We want to restore quality education in the Gambia – PS

Mamos Media

By Adama Tine 

Louis Moses Mendy, the permanent secretary at the ministry of Basic and Secondary Education has reaffirmed his ministry’s commitment in restoring quality education in the country.

Speaking during the validation workshop on the Gambia’s Education Service Delivery Indicators 2020 Draft Report, PS Mendy said: “The reason the study is being commissioned is to look at holistic views of what we need as a sector in order to be able to work towards addressing many others but more importantly quality education.”

The Gambia, he stated, is the second country in the sub-region to be able to commission the study, saying: “Today’s event is one of the most important events of the transformation agenda of the Education Ministry.”

“Our objective is to restore quality education in the country, hence we must all commit ourselves to work towards restoring that glory. I want to use this opportunity to challenge my fellow public servants because oftentimes, we want to take our children to private schools.

“It is our collective responsibility to work towards making sure that our public institutions are trusted. This can be done by providing all the required resources and things in order to be able to have the quality education that we all yearn for.”

Education, he continued, is one of the goals that should not be compromised.

“Whatever is finalised today would be a representation of both the sector and the country. Therefore, your sincere inputs into that and your maximum participation into the entire process is very important so that once the process is finalised, it becomes a force to reckon with.”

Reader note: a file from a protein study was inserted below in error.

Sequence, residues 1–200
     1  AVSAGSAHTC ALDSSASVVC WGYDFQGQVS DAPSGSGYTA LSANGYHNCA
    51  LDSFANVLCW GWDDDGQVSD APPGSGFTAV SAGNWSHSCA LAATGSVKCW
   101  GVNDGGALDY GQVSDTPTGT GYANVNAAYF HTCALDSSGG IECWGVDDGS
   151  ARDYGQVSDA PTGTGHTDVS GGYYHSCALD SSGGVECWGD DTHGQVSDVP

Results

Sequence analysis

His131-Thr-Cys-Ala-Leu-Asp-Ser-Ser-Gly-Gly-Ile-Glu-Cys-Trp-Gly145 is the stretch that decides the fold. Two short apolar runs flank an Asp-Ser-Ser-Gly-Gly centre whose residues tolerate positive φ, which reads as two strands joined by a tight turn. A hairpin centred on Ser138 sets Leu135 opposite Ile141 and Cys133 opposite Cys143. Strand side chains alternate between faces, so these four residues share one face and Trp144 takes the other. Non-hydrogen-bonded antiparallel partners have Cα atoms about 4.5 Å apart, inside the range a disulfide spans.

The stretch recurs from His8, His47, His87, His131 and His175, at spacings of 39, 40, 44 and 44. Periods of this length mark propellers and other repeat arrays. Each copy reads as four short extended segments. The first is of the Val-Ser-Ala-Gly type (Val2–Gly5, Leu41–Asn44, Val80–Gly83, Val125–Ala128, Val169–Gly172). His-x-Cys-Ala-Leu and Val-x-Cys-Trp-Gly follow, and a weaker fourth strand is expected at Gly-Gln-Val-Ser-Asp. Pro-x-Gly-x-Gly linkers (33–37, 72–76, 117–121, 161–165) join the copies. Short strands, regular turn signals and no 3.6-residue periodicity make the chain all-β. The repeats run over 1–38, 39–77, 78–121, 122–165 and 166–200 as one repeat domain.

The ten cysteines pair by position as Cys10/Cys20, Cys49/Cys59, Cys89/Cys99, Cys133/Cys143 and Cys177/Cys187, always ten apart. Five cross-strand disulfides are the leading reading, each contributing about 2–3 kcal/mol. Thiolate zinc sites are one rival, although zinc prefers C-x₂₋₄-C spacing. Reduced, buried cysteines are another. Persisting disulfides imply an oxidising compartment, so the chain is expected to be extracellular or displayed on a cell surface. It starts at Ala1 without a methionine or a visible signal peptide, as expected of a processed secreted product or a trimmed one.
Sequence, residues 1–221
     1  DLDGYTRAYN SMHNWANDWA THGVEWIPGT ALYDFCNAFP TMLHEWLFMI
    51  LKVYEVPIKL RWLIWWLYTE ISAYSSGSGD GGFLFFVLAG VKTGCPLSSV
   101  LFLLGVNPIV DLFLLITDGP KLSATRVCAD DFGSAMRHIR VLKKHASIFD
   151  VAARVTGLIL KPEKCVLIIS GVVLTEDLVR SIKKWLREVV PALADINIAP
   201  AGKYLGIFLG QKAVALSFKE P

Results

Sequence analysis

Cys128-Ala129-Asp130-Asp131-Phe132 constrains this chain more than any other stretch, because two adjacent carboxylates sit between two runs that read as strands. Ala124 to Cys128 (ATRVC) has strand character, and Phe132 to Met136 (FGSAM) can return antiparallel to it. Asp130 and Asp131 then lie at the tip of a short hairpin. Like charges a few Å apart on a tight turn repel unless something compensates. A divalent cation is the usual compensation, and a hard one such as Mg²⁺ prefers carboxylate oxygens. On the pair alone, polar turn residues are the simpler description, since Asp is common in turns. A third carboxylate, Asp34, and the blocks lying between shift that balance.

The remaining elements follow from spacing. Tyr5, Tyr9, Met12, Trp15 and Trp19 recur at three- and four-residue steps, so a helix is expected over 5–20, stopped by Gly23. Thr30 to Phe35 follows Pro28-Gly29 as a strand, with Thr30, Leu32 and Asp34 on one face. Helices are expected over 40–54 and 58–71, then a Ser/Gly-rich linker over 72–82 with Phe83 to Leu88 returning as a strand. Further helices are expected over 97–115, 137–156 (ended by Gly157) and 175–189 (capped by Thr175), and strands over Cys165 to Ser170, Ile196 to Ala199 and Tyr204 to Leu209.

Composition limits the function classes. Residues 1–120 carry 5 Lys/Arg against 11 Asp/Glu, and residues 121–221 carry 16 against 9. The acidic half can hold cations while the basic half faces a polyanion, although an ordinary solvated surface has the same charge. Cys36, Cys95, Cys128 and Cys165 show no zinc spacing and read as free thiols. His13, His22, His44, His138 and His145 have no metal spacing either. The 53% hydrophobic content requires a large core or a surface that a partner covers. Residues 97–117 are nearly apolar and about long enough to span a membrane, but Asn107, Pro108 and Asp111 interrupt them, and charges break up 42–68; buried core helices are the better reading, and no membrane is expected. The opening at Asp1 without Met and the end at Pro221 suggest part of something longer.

Sohna Foon-Chorr, director of Planning at the Ministry of Basic and Secondary Education, said the study provides stakeholders the set of metrics for benchmarking in Service Delivery Indicators (SDI) in the education sector of The Gambia.

These indicators, she added, measure the quality of service delivery in the education sector, claiming that it will also help track the progress as well as identify the gaps across the country.

The SDI instrument used by the World Bank in other countries, she went on, was customised and domesticated, taking into consideration the national context.

Ebrima M. S. Njie, national coordinator of the Education Research Network for West and Central Africa (ERNWACA) said with the indicators, one would be able to identify gaps, track and progress overtime across the country, adding that The Gambia is the latest country to conduct the study.

“Generally, the study provides information on teachers’ efforts, knowledge and ability, pupils knowledge and ability and also information on key inputs such as text books, basic teaching equipment and infrastructure,” he remarked.

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